That might have been smart, as it is a really long way down. It’s beautiful, and the trail is really nicely cared for. This is possibly the easiest walking of the whole through-hike, save when you’re walking on dirt roads.
When you’ve come down the switchbacks through the trees, you’ll cross a fairly large stream – maybe 12 feet across. This is an excellent stop for water.
From here, you’ll walk through “the eternity field” as I call it. It’s a bit like horsethief meadow, in that it just goes on and on and on. There are many nice camping sites along the way, and the creek is right next to the field, so you’ve always got water nearby. You’ll actually follow this creek 98% of the way into Santa Barbara campground.
Do expect cows – with all that grass, they’re inevitable. And you’ll have to cross the creek several times over some very interesting bridges. Riley was a little alarmed by the fist bridge, and it did look kinda wild. But he got over it with no problem.
We ran into some Forestservice men taking care of the trail. Apparently they had seen a really wild storm the night prior. Not the daytime storm we sat through in the tent (with all the hail), but apparently this massive storm moved through at night. We missed it entirely.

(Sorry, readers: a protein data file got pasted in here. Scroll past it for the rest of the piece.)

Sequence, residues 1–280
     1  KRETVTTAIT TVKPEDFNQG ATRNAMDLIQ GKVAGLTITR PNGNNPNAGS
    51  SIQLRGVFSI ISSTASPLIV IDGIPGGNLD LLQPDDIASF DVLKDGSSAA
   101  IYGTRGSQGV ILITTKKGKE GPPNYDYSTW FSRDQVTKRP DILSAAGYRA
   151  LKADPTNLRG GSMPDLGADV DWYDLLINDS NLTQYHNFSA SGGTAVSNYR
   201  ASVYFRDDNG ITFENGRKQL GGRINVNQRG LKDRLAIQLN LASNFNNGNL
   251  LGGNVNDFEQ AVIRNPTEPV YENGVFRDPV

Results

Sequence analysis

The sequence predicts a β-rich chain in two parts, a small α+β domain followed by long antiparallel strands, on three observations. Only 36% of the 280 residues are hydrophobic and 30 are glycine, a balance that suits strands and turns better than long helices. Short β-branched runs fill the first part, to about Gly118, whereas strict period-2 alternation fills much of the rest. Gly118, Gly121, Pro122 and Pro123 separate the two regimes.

As you come in toward Santa Barbara, you’ll start seeing more and more people. There will probably be a few trout fishermen (and women) taking a try. It does look like an excellent stream for fishing.
When you finally emerge into Santa Barbara campground, you’ll be at the far end of it. It’s a long skinny campground, and the road goes around in a loop. The right fork from where you come out is probably the easiest way. You’ll pass many car camping sites, then finally the camp manager’s RV on the right. Pass through the metal gate (complete with a cattle guard), and you’ll see public bathrooms and a water source on your right. Not sure about the water source – I actually just opted to treat another nalgene of water from the creek while we waited for Rob.
There’s a second, and then a third parking area – again, this is a really long, skinny campground. The creek flows right next to it. If you’re getting picked up from here, it’s about 20 minutes to Penasco, and the excellent Sugar Nymphs cafe. You don’t need a four-wheel drive, but it might not be ideal for a luxury sedan; you’ll get it dusty.
Riley and I snoozed by the stream for about an hour before Rob showed up. We ate up some of the leftover food, and all the crackers. It was nice to feel like a trailbum, snoozing by the creek in the sun, surrounded by daisies, while the tourists walked by in clean clothes.